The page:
I think the Founding Fathers assumed that’s about the best we can hope for. Imagine one day, and I’ll call it 2009, that all changes. There’s no more public square. Everything takes place in the center of the Roman Colosseum. The stands are full of people who are there to see blood. That’s what they came for. They don’t want to see the lion and the Christian making nice; they want the one to kill the other. That’s what Twitter is often like.

It all becomes performative and comes at a superfast pace. Just as television changed the way we are and made us into passive consumers, the central act in social media is posting, judging, criticizing and joining mobs. Donald Trump is the quintessential person who thrives in that environment. If not for Twitter, Trump never could have been president. So, when our politics moved into the Roman Colosseum, I think the Founding Fathers would have said, “Let’s just give up. There’s no way we can build a democracy in this environment.”

Gardels: Just as republics have historically created institutional checks and balances when too much power is concentrated in one place, so too don’t we need to foster checks and balances for an age when power is so distributed that the public sphere is disempowered?

What I have in mind are the citizens’ assemblies indicative of the public as a whole, which deliberate issues in a non-partisan environment and, outside the electoral sphere where partisans vie for power by any means necessary, are able to come to a consensus through pragmatic, common sense solutions?

Haidt: It’s possible to create these small artificial communities where you lock citizens away together for a week and have them discuss something. They work pretty well from what I know, and they come up with solutions. But it’s not clear to me how you could use that to run a country. The way people feel about let’s say, Donald Trump, has very little to do with some ascertainment of fact.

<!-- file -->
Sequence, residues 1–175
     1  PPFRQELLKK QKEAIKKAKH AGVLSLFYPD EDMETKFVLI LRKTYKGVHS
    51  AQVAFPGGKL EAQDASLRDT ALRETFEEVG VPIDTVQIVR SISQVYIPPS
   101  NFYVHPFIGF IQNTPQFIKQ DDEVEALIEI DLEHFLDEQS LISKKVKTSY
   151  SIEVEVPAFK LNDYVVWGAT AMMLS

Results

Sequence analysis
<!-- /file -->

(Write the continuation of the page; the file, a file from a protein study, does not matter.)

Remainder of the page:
If you use the word power, then I’m a little bit confused. But I think I see what you’re getting at. If we change the word to authority, it is clearer to me. When I wrote “The Righteous Mind,” I was on the left then and really tried to understand conservatives. Reading conservative writings, especially Edmund Burke and Thomas Sowell, was really clarifying on the idea that we need institutions. We need religion, we need gods, even if it is not true. We need moral order and constraint.

The progressive impulse is to tear things down and make things new. The conservative impulse is to protect authority structures because we need them. Without them, we have chaos. Of course, there are times to tear things down. But I think during the 2010s everything has been torn down, to some extent. This is a time we need to build.

I am very concerned that there is no longer any source of authority. There is no trusted authority, there is no way to find consensus on truth. It seems that the truth-seeking mechanisms, including the courts, came up with the answer that the last presidential election in the U.S. was not stolen. But there’s no real way to spread that around to the large portion of society that believes that it was.

With AI coming in, the problem of the loss of authority is going to be magnified tenfold or even a hundredfold when anyone can create a video of anyone saying anything in that person’s voice. It’s going to be almost impossible to know what’s true. We’re in for a wild ride if we’re going to try to run a democratic republic with no real authority. My fear is that we will simply become ungovernable. I hope not, I hope we find a way to adapt to living in our world after the fall of the tower of Babel, the fall of common understandings and common language.

This interview was edited for brevity and clarity.

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Samatha Pingree